March 10, 1948: The Strange Death of Jan Masaryk
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At 6.30 on the morning of March 10th, 1948, the body of foreign minister Jan Masaryk was found lying in the cobbled courtyard below the window of his official flat in the palace, dressed only in his pyjamas.
Whether he jumped to his death or was pushed in one of Prague's notorious defenestrations has never been conclusively established. He was 61 years old.
Born in 1886, Jan Masaryk was the son of the great Tomáš Masaryk, academic philosopher and principal founder of Czechoslovakia as an independent nation after the First World War.
Before the First World War he lived in the USA and returned in 1913 and served in the Austro-Hungarian army during the war. After the war he joined diplomatic service and became a temporary ambassador to the USA. In 1925 he became ambassador to Britain.
During the Second World War he resigned from the ambassador function in protest of the occupation. In 1940 he became a Foreign Minister of the Government in exile. He remained the Foreign Minister even after the war and the communist coup until his death on 10 March 1948.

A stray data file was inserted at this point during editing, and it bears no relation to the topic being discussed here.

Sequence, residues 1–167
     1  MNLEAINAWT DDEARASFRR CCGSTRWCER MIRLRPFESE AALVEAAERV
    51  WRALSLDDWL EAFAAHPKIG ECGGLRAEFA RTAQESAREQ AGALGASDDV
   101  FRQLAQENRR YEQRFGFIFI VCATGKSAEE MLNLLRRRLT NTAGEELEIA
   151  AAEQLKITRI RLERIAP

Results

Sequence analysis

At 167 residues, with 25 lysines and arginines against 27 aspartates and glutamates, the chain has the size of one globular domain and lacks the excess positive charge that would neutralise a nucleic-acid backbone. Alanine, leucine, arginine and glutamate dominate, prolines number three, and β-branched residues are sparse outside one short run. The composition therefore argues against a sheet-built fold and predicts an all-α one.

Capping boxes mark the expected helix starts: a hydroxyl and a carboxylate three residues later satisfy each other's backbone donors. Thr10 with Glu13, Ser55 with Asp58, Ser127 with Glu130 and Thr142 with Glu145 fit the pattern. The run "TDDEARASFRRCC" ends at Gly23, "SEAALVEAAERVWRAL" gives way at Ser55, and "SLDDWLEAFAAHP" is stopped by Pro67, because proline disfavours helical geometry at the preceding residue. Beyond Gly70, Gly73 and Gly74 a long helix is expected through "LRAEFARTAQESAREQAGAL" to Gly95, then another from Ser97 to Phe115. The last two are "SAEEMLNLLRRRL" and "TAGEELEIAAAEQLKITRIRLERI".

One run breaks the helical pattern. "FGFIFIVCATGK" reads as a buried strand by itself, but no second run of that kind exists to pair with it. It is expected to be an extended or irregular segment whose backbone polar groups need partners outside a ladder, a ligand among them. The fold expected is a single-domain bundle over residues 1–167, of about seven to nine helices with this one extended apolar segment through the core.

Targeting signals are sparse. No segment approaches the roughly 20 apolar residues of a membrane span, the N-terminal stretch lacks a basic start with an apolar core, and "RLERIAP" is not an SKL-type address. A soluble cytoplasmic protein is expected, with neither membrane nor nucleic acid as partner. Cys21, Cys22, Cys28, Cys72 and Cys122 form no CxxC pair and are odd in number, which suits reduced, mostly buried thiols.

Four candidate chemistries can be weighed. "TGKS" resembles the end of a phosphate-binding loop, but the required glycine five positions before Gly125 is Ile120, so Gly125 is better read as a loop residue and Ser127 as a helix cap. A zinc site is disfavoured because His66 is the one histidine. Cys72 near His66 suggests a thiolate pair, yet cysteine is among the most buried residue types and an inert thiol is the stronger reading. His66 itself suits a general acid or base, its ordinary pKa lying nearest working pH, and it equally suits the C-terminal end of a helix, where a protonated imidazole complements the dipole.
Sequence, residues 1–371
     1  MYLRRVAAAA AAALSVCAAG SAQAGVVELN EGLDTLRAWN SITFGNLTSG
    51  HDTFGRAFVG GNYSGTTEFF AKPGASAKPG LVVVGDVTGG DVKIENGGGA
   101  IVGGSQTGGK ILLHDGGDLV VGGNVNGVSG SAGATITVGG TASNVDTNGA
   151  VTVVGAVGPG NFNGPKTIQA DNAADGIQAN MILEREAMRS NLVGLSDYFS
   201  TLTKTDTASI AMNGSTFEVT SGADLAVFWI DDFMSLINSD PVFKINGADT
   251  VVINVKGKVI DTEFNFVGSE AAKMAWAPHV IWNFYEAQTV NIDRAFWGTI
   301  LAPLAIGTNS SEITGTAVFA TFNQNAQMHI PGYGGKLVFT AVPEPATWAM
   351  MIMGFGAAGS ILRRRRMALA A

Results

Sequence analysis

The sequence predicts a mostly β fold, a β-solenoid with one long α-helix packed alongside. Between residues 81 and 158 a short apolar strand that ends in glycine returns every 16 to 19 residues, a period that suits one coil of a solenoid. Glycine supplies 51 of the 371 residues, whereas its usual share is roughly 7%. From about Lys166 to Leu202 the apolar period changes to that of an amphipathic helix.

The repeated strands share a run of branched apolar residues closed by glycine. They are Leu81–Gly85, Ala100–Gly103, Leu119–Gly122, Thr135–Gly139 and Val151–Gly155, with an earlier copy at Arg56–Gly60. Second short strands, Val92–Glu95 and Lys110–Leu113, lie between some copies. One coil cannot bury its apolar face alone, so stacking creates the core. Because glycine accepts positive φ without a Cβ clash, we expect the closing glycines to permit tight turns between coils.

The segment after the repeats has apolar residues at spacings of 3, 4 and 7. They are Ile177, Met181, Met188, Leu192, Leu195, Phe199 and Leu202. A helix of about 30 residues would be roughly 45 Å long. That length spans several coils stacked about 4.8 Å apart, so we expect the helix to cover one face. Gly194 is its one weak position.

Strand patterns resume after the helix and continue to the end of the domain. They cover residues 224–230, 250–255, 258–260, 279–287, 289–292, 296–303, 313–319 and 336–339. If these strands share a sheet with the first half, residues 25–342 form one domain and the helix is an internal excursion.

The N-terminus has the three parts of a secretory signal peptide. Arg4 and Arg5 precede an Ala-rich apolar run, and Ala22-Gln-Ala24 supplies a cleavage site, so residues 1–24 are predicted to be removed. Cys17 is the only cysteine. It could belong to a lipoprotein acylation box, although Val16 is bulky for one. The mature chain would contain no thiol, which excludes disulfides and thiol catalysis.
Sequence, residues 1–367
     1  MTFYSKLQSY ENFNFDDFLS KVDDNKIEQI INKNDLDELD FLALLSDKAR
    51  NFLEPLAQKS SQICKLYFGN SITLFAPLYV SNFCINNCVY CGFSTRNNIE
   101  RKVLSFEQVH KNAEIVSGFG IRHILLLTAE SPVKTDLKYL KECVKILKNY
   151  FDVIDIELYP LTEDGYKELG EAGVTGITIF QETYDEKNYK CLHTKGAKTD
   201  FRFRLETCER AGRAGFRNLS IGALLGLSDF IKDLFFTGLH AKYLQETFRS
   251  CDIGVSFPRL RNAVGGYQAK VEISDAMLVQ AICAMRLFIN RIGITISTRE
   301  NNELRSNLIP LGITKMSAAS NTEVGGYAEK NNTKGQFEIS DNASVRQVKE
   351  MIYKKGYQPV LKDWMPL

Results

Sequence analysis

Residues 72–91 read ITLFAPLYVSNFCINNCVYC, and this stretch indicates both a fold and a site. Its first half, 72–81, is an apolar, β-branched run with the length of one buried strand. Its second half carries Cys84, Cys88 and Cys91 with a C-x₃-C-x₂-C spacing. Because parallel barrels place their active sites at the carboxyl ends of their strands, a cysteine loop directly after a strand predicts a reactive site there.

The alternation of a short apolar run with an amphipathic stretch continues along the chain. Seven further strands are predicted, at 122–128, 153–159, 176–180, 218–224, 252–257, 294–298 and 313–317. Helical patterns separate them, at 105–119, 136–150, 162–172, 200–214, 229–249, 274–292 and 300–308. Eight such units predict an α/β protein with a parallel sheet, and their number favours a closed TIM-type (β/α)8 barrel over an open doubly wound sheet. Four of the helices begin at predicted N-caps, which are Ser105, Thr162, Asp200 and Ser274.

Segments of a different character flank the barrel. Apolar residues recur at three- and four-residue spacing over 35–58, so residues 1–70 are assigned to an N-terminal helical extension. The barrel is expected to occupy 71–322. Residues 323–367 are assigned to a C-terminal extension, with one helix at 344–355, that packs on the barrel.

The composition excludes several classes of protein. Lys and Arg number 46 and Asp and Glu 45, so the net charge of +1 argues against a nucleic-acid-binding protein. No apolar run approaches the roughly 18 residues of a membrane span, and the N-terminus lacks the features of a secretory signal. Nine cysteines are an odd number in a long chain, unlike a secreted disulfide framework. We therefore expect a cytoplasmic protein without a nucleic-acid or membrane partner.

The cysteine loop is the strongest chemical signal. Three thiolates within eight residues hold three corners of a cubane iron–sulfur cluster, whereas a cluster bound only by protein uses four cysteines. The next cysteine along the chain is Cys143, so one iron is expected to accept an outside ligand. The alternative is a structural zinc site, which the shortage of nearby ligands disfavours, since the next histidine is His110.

Masaryk always hoped that Czechoslovakia could act as a bridge between the West and the Soviet Union, but Moscow wanted an empire not a bridge and the successful Communist coup of February 1948 was carried out under the supervision of the Soviet assistant foreign minister, Valentin Zorin, who was in Prague at the time.
Three months after Jan Masaryk's death, Benes resigned and Gottwald introduced a Soviet-style constitution and suppressed all opposition.